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Approval of new curriculum makes UIS full four-year university
September 8, 2005
SPRINGFIELD – The University of Illinois at Springfield became a full four-year university Thursday for the first time in its 35-year history. The milestone was reached when the U of I Board of Trustees approved a new general education curriculum that will allow UIS to enroll a larger number of freshmen in a full baccalaureate experience in fall 2006.
“We are now a four-year university in the truest sense of the word,” said UIS Chancellor Richard Ringeisen. “This new curriculum is fundamental to UIS’ emergence as a premier small public university with highly innovative programs in the liberal arts and professional program areas,” he said.
U of I President Joe White called the Board’s approval “a watershed moment for UIS. With this action, UIS will have a full four-year undergraduate program that will enable the university to serve many more students with a superb education,” he said. “It will bring youth, energy, a 24/7 environment, and great new challenges and opportunities to UIS in the years ahead.”
Beginning next fall, UIS will give potential first-year students the option of enrolling in the general education curriculum, which is an expansion of UIS’ Capital Scholars Program, or the option of enrolling in UIS’ existing Capital Scholars Program, which was renamed the Capital Scholars Honors Program following board approval Thursday.
Karen Moranski, UIS’ Interim Associate Vice Chancellor for Undergraduate Education, explained the difference. “First-year students will all be called Capital Scholars no matter which program they’re in, but the admissions requirements will be different,” she said. “Honors program students should be in the top 25 percent of their high school class and have a higher class rank and higher GPA (grade point average) than the Cap Scholars in the other program.”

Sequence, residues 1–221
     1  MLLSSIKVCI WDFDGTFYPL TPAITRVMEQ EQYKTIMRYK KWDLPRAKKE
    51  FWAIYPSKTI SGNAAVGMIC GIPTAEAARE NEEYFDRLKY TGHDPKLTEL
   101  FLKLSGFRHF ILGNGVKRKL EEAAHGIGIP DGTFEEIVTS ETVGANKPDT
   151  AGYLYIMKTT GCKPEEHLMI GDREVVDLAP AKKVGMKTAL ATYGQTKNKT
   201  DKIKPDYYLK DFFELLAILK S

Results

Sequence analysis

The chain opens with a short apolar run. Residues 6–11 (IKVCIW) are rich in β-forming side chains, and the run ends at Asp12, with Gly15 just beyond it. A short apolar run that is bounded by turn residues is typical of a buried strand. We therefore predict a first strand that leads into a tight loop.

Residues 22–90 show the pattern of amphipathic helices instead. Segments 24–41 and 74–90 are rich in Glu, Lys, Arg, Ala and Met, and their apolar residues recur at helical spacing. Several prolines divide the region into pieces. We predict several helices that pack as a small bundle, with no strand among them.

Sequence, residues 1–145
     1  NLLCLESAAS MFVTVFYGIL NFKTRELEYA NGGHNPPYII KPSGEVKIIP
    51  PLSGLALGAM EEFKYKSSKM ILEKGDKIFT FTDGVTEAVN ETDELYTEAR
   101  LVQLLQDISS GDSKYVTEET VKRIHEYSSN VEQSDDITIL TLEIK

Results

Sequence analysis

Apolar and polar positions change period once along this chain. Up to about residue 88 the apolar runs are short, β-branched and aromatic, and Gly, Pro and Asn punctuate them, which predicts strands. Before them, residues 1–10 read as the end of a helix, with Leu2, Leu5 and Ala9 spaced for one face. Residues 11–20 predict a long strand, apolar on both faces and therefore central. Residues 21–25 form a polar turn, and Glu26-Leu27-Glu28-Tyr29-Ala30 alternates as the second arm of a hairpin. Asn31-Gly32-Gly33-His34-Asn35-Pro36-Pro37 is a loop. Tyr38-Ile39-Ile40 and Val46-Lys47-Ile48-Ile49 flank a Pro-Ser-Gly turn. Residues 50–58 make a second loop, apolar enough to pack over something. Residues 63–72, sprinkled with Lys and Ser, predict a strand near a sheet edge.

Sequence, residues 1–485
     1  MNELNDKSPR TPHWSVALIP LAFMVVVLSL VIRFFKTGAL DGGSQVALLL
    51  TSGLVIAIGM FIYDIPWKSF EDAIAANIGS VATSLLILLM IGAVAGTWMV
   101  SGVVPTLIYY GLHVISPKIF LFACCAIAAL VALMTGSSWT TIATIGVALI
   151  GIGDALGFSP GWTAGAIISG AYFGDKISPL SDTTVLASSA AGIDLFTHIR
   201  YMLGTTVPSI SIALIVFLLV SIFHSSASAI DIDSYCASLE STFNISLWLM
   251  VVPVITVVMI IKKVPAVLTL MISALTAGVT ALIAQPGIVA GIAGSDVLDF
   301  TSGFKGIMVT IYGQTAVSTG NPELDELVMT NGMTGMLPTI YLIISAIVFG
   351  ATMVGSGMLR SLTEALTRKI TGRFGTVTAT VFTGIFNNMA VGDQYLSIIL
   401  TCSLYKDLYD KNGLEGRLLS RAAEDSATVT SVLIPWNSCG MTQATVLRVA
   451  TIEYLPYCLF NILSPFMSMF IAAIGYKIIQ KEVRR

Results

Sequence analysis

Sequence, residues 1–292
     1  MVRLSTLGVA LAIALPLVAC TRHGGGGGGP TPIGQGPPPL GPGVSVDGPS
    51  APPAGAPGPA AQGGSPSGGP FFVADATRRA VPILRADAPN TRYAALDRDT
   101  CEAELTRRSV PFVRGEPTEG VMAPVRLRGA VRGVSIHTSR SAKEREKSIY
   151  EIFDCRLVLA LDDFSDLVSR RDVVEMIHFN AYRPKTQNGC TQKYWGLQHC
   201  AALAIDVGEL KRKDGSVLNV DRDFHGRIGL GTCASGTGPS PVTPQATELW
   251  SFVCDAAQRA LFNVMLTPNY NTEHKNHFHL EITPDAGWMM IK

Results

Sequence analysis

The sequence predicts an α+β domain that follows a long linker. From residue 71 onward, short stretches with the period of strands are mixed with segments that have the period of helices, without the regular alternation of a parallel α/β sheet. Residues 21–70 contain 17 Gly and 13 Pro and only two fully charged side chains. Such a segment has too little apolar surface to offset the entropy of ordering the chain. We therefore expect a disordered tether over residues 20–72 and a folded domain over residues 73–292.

Moranski said UIS plans to enroll between 280 to 300 freshmen next fall, about 80 to 100 of whom will be in the honors program and the rest in the other program. Honors program students are required to live on campus in Lincoln Residence Hall during their freshman and sophomore years. Students enrolled in the expanded Capital Scholars program will not be required to live on campus if they are from Springfield or the surrounding area.
“We anticipate that first-year students, both honors and regular, will take some coursework together and will engage socially with one another right from the beginning,” Moranski said.
The Capital Scholars Program, now called Capital Scholars Honors Program, was launched in fall 2001 for a small number of highly qualified first-year students, about 100 per year. The successful program, which was UIS’ first four-year baccalaureate program, graduated its first class last May. From 1970 to 2001, the university was considered “an upper division” university, offering bachelor’s degree programs to juniors and seniors as well as graduate-level education.
Moranski said the new general education curriculum is guided by two educational principles: to provide students with the basic skills and knowledge to become lifelong learners as well as engaged citizens. “The curriculum is a flexible one that will improve students’ lifelong learning skills and show them how they fit into the world around them,” she said. “It will engage them intellectually, both in the classroom and in real world experiences.”
Ringeisen said the new curriculum connects the university’s past with its future. “The curriculum carries on a long tradition at this university of graduating students who understand and appreciate the value of lifelong learning and engaged citizenship,” he said.
The curriculum for the Capital Scholars Honors Program, which uses a team teaching approach, features interdisciplinary and collaborative learning with an emphasis on creative thinking, problem solving, and leadership skills. The curriculum, based in the liberal arts, also emphasizes lifelong learning and engaged citizenship.
Ringeisen said funding for the expanded program will be come from reallocation and the tuition generated by students entering the program.
|The University of Illinois at Springfield, one of three U of I campuses, is a small, public liberal arts university that offers 42 degree programs – 21 bachelor’s, 20 master’s, and the Doctorate of Public Administration. UIS has a special mission in public affairs and service and is known for extraordinary internships, a wireless campus, extensive online offerings, and a commitment to teaching.|
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